If you have been saddled with the task of importing and exporting for your company, you know that there are an awful lot of steps to getting products from one place to another. Shipping line employees, importer/exporters, clearing agents, and shipping insurance workers must understand the difference between pre-carriage and on-carriage shipping.
Essentially, pre-carriage shipping refers to the shipping process from a shipment’s point of inception to the vessel that will carry it to its port of destination. On-carriage shipping refers to the process of getting a product from the port to its final destination. Both pre-carriage and on-carriage shipping are inland activities. The pre-carriage stage may also be referred to as carrier haulage if it is performed by the shipping company on behalf of the client.
The Pre-Carriage Process
When two companies want to import and export products with one another, an agreement called an incoterm is created. Both the pre-carriage and on-carriage stages are affected by incoterms. An incoterm is a standardized government contract between buyer and seller that specifies details of an import-export agreement.
The exporting company will make arrangements for shipping. They will have to do this well in advance so that the recipient will have the product when they need it.
The product will be packed in a warehouse, and the shipping forwarder will make arrangements for the product to be shipped to the docks or to the airport. This may be done by truck or train.
Every stage of the shipping process will be documented by a “Bill of Lading.” which proves that the carrier has received the product. The truck driver will fill out a Bill of Lading when they pick up the product, and the cargo carrier will fill out another when they take the product onto their boat.
Before the product can be loaded onto a boat or an airplane, it must be inspected by customs officials. Each government has its own specific laws when it comes to the importation and exportation of goods. It is important to hire a shipping forwarder who can assist you in the legalities of importing or exporting. Provided that your goods passed the inspection, they will be loaded onto a cargo ship.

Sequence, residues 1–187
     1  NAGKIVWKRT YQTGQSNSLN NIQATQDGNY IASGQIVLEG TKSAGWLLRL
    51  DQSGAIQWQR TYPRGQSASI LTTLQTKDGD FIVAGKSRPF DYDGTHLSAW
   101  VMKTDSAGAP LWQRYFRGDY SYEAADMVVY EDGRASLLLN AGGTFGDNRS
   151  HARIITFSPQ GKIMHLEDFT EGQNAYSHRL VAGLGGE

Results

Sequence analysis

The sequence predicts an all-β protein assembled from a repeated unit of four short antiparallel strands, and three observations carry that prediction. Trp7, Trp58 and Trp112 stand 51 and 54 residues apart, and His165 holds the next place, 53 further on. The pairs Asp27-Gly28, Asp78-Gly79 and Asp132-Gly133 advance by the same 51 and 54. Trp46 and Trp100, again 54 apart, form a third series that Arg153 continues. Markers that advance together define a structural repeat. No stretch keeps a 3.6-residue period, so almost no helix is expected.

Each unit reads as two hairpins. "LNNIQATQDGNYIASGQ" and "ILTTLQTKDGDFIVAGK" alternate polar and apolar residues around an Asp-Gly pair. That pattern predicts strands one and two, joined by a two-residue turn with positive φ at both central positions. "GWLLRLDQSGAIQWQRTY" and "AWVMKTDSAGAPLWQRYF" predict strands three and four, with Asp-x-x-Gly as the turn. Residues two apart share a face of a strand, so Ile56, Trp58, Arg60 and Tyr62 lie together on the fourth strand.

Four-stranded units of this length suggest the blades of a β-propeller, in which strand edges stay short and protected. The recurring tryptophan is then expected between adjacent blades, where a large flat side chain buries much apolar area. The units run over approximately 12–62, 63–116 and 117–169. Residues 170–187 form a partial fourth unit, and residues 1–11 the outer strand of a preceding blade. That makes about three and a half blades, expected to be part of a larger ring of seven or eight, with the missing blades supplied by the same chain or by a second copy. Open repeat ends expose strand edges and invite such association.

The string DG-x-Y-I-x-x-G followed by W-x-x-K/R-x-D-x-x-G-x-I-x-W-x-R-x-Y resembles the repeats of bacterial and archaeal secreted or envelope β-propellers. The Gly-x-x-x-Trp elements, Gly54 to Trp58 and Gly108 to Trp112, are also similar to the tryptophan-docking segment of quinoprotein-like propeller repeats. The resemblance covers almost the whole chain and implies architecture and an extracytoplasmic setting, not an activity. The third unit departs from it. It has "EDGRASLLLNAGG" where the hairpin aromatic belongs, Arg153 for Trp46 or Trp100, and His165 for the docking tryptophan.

Once the product has made its journey across the ocean, it will be time to begin The on-carriage process. When the ships come in, the product will go through customs again. If the products and their containers pass the customs inspection, they will be shipped to the warehouse of the buyer.
If the recipient’s warehouse is fairly nearby, the goods may be transported in one single trip. There will be a few different options for what kind of truck to use. Some trucks can do what’s called a drop shipment, where your packages are contained in crates and are dropped by a truck with a crane in it. In other cases, the truck will be backed into the warehouse and unloaded by hand.
In some cases, the truck may take the product to a freight train. When the train reaches its destination, it will be loaded onto another truck which will take the product to the warehouse.
There are several elements that may affect the transportation of products. Different countries have different legal regulations. There are some countries where political unrest may affect shipping. The accessibility of railroads and highways may also be an issue. It is not a bad idea to hire a professional logistics company to help you organize everything.
Shipping products from one place to another is much more complicated than one might think. A professional shipping forwarder is essential to making sure that products arrived safely, on time, and does not incur excessive customs fees.